Meta’s Twitter-killer ‘Threads’ is now available

Yes, it does feel weird to be excited about a new Meta social network

If you’ve been awaiting Twitter’s impending demise like me, you’re likely at least somewhat interested in Meta’s new Threads app, even though it comes from the company formerly known as Facebook.

The Twitter-killer/clone micro-blogging app released at 7pm ET/4pm PT, and is currently available in Apple’s App Store and Google’s Play Store. There doesn’t seem to be a desktop version of Threads yet, though it’s possible to view tweets Threads posts (or are they also called Threads?) through a browser.

As you may have already guessed, Threads looks remarkably similar to Twitter, down to how you post content and add images/videos. Since the app is built on top of Instagram’s network, you can reuse the same username, bio and follow the same people, making the setup process streamlined.

I’ve yet to spend meaningful time with Threads, but I’m impressed with what I’ve experienced so far. It’s a simple, straightforward platform that, most importantly, a certain billionaire isn’t involved with. It could be the real deal if a desktop app/the ability to use multiple accounts comes soon. it’s also worth noting that, among the other Twitter replacement apps like Bluesky and Mastodon, Threads has the highest chance of success because it has Meta’s backing.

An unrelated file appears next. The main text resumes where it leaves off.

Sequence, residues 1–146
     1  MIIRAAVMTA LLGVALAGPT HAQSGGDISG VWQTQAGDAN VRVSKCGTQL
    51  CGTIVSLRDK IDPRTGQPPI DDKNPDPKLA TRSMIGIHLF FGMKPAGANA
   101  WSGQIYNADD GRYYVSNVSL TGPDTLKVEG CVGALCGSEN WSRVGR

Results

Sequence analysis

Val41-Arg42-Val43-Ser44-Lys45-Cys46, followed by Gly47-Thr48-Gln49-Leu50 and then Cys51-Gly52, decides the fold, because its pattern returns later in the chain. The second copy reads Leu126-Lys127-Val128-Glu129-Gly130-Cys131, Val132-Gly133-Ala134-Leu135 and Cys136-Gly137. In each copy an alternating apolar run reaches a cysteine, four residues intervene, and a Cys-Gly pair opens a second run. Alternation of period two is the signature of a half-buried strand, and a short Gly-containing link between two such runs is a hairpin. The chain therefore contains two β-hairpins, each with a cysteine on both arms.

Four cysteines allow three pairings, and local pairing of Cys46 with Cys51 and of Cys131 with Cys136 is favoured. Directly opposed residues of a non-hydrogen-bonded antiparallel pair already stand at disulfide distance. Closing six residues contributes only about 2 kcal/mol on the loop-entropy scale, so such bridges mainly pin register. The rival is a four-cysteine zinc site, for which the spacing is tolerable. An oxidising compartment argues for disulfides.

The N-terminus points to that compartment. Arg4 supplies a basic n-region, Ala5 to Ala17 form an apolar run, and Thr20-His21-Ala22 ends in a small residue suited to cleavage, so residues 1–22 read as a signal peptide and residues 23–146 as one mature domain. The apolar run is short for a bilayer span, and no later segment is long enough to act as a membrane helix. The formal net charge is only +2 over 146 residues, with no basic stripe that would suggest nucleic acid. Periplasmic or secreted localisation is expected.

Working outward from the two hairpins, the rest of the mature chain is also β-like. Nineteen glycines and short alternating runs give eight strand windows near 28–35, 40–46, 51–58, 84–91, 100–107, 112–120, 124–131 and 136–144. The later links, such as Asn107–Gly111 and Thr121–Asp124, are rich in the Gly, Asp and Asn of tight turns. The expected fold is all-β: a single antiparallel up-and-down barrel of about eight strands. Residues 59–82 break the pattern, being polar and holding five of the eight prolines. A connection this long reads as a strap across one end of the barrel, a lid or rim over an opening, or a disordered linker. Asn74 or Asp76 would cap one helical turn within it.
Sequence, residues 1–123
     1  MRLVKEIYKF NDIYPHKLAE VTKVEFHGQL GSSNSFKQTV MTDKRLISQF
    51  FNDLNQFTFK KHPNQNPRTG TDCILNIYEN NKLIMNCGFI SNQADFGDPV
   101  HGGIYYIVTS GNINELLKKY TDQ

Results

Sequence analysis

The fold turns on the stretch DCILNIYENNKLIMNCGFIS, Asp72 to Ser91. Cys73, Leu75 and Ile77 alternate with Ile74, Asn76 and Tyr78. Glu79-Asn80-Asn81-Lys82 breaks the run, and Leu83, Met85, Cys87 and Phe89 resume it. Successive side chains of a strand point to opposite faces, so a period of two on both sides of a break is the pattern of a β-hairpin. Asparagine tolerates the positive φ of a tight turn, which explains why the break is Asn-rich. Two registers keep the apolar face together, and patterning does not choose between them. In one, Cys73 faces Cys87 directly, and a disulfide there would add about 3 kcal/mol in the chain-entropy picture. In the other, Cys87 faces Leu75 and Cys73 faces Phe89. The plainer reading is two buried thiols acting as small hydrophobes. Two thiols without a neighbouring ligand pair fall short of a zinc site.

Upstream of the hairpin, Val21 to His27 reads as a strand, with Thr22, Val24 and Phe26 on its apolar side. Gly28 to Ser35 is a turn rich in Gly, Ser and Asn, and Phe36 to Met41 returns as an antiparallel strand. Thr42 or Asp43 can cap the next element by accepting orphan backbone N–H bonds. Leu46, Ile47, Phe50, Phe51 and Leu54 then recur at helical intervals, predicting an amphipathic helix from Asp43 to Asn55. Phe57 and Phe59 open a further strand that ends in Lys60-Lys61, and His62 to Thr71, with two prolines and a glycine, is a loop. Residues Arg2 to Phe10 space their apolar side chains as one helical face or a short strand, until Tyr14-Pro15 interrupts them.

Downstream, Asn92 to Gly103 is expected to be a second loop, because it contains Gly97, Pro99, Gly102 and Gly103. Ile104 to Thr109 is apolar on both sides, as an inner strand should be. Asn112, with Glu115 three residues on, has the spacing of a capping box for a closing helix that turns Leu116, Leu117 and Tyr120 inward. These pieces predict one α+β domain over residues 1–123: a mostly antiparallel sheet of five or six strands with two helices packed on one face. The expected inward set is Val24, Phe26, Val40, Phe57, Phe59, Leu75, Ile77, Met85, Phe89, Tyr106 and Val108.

This past weekend, Twitter’s owner Elon Musk revealed that the social media platform has reduced the number of posts users can see daily. According to Musk, verified users can now only see 6,000 posts daily, while unverified accounts can view 600 posts daily, and new unverified posts can see 300 posts. Musk later tweeted multiple times about increased rate limits, eventually landing on view rates of 10,000 for verified, 1,000 for unverified, and 500 for new unverified. Soon after this change, TweetDeck also stopped working correctly.

Why would a platform built on engagement want to limit users’ ability to use it? According to Musk, the change was made to prevent “data scraping” and “system manipulation.” In reality, it likely has more to do with Twitter’s ongoing negotiations with Google over cloud hosting.

While MobileSyrup isn’t planning to ditch Twitter any time soon, we’ll be experimenting with Threads in the coming weeks. You can follow us at this link. Threads is available in Apple’s App Store and Google’s Play.

Update 6/7/2023 at 8:39am ET: Added updated details about Twitter’s rate limits.